Vanuatu. Three weeks ago, most of us had never heard of this island nation in the South Pacific Ocean and most of us couldn’t pronounce it (vah-noo-ah-too) correctly. However, this was not important to The Patterson Foundation (TPF) when we received an email from our international partner, NetHope, which was quickly mobilizing in response to its NGO partners’ requests to restore information and communication technology (“ICT”) on the islands after they were devastated by Cyclone Pam.
TPF understands that organizations that want to work with each other to respond to disasters can't do so without the ability to communicate (phone, text, fax, internet, etc.). Without critical communications, those needing help won't be able to get it. Without the ability to communicate, assets aren’t leveraged. Without the ability to communicate, coordination of resources doesn’t occur.
Our experiences have taught us that effective communication is the “grease” that removes the friction inherent in collaborative work and allows organizations to leverage assets. Because of his experience and access to his network of experts, Gisli Olafsson, the Global Emergency Response Director for NetHope, was able to draft an initial response plan with funding needs.
As we read this document and learned more about Vanuatu, we began to appreciate the breadth and depth of the need. While there were international aid organizations preparing to deploy, their ability to help the residents and each other would be severely limited without the ability to communicate. Most, if not all, communications infrastructure on the islands was damaged.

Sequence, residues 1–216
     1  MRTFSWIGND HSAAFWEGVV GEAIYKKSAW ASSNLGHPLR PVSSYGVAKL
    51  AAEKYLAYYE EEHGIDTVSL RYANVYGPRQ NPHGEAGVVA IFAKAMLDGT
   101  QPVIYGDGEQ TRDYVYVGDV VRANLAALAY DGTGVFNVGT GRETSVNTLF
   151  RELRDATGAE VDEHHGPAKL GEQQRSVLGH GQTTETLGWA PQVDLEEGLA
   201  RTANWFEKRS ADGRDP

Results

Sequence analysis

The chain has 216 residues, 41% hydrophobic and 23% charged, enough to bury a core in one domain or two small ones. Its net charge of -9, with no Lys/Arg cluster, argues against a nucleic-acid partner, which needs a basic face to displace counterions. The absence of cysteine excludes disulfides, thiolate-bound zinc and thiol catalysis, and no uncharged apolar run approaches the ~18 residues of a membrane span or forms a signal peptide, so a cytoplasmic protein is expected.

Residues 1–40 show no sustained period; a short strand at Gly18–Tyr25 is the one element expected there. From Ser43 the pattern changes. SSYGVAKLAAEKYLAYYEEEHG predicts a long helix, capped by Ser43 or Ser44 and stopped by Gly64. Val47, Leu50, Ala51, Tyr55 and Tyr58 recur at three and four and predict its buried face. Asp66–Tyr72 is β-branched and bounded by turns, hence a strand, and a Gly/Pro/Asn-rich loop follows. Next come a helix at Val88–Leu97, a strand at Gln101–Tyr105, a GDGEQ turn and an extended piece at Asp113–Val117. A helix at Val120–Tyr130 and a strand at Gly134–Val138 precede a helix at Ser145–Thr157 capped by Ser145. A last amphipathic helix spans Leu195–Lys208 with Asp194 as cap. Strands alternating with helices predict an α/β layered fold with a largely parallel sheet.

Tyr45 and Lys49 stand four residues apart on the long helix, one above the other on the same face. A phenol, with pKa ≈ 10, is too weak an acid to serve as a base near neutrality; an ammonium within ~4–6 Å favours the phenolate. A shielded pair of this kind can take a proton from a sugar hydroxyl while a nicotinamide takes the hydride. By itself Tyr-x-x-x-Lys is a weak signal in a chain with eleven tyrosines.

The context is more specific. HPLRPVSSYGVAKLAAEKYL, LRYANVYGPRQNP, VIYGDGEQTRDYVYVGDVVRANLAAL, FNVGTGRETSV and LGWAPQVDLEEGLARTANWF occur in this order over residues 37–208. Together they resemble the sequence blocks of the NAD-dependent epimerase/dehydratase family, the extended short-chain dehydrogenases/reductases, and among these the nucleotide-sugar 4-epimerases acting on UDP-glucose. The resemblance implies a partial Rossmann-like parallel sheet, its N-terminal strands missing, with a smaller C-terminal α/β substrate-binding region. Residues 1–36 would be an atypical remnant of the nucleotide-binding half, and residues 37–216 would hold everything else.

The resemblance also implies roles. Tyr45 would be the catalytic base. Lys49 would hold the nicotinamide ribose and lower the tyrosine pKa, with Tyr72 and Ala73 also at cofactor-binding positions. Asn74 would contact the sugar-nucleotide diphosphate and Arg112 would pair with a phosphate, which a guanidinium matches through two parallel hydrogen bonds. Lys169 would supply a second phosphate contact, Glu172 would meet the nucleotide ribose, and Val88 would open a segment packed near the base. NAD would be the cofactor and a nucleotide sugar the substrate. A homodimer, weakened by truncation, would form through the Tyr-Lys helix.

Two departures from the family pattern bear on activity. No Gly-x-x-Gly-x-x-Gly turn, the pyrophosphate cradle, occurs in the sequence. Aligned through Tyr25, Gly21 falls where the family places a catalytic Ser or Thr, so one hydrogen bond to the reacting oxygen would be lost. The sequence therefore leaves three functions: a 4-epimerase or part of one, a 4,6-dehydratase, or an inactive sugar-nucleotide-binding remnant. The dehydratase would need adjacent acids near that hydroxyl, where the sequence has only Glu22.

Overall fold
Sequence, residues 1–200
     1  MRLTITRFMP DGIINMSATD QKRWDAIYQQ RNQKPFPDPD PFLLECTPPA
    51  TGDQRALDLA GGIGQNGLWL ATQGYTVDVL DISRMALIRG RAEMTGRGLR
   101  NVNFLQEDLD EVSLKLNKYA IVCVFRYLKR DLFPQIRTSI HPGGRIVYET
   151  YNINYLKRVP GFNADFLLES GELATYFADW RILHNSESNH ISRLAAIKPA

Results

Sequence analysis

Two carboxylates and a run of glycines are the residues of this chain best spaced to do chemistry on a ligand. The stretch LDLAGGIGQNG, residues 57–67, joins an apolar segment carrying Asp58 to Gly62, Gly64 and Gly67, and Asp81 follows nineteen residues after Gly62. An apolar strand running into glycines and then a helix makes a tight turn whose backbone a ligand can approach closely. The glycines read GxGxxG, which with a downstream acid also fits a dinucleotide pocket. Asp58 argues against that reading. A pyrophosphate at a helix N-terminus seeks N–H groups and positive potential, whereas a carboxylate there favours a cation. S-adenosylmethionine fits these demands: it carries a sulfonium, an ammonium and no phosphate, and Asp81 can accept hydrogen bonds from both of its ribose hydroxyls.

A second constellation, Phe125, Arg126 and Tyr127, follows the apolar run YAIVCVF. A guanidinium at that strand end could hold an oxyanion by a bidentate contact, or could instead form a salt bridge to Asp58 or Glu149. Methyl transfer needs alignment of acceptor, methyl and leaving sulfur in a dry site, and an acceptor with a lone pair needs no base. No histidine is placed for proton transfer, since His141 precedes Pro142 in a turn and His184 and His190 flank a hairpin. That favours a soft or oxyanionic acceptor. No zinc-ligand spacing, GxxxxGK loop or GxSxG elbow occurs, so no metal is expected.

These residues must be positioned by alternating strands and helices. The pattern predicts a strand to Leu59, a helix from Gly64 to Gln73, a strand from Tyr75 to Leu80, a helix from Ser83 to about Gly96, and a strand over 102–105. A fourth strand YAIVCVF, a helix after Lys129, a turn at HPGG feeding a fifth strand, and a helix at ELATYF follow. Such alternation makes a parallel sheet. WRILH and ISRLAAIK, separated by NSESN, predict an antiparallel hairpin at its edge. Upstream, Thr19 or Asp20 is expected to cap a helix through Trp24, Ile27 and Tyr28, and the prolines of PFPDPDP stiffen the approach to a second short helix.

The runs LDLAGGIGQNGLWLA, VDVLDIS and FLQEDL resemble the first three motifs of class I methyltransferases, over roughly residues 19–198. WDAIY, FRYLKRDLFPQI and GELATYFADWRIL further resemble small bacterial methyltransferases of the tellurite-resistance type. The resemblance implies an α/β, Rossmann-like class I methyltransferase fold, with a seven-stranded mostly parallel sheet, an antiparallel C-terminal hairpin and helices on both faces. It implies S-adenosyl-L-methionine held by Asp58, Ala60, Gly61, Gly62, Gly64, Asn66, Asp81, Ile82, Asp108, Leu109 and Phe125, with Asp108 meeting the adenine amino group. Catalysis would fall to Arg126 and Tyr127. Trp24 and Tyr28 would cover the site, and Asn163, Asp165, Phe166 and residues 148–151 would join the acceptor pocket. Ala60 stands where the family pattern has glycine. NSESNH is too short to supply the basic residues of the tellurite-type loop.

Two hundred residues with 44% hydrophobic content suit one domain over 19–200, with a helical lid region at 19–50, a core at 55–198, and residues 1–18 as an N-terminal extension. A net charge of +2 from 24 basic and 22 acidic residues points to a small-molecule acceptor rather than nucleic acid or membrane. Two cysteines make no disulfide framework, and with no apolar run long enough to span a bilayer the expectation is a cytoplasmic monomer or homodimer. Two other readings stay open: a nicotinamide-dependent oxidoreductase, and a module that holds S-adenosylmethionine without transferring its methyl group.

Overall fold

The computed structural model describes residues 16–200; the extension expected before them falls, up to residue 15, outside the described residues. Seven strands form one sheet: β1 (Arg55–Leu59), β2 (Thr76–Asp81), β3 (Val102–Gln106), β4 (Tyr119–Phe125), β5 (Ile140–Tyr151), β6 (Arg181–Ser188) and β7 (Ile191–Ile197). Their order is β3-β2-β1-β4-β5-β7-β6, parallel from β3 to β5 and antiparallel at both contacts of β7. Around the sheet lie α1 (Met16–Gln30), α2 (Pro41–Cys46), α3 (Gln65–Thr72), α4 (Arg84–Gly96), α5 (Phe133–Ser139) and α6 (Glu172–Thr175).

NetHope’s immediate needs included sending personnel to coordinate its work on the islands (this would be a minimum of two months), sending an ICT response team (five people for three weeks), shipping costs for equipment, purchasing satellite phone airtime, and building a management/administrative structure to support itself and the work of its seven NGO partners. These were the financial needs.
The in-kind needs included various types of equipment, including satellite internet terminals, satellite phones, charging stations, etc. (The initial request summed to $154k, but within a week moved to $500k as the extent of damage was uncovered.)
In responding to a disaster, time is critical and focus is necessary. TPF understands that every day NetHope is waiting to deploy a resource because it needs to raise money, or each meeting NetHope discusses fundraising when it could be discussing ICT infrastructure needs with one of its “in country” partners, is a distraction from “doing the work” to help those in need. We worked to minimize the initial challenges of funding so NetHope could begin its immediate work to support its partners.
Learn about these and other concepts used in TPF's approach to philanthropy.
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